There are, of course, examples that tell a different story — millions of them. In May, June and July, more than 9.3 million workers returned to a job, forgoing the generous unemployment benefits.
One reason is that people generally look ahead. “The latest results show that Americans rationally understand the greater long-term security of returning to work rather than relying on ongoing government assistance,” said Sonal Desai, chief investment officer of Franklin Templeton Fixed Income.
Britain’s sparsely populated offices have put the economy in a quandary. The dry cleaners, coffee shops, lunch places and clothing retailers specializing in suits that serve areas packed with offices are starved of their customers.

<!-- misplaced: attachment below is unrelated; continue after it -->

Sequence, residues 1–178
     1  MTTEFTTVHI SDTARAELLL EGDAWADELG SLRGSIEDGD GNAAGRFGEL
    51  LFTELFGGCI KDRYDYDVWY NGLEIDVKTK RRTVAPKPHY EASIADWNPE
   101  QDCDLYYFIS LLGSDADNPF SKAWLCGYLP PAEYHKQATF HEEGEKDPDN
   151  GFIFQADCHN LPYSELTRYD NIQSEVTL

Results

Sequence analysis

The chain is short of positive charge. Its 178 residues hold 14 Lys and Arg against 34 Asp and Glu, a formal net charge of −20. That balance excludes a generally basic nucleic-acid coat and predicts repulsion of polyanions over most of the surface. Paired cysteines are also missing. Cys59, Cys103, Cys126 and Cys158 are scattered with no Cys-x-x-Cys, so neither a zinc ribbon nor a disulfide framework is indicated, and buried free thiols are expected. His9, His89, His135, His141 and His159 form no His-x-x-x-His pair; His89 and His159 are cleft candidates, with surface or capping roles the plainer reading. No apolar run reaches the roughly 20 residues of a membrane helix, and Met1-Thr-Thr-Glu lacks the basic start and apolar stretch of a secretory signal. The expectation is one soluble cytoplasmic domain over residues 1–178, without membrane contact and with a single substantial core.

In a country that relies on consumer spending to fuel economic growth, the government and business lobby are urging people to return to their offices, pressuring civil servants to set an example, and in turn spend more money on food and travel and in city center shops.
“The economy needs to have people back at work,” Dominic Raab, a government minister, said on Sunday.
But the companies charged with responding to this call have discovered that they can function productively with their staff working at home, and many are not in the mood to ask employees to risk getting on crowded trains or buses to return to the office.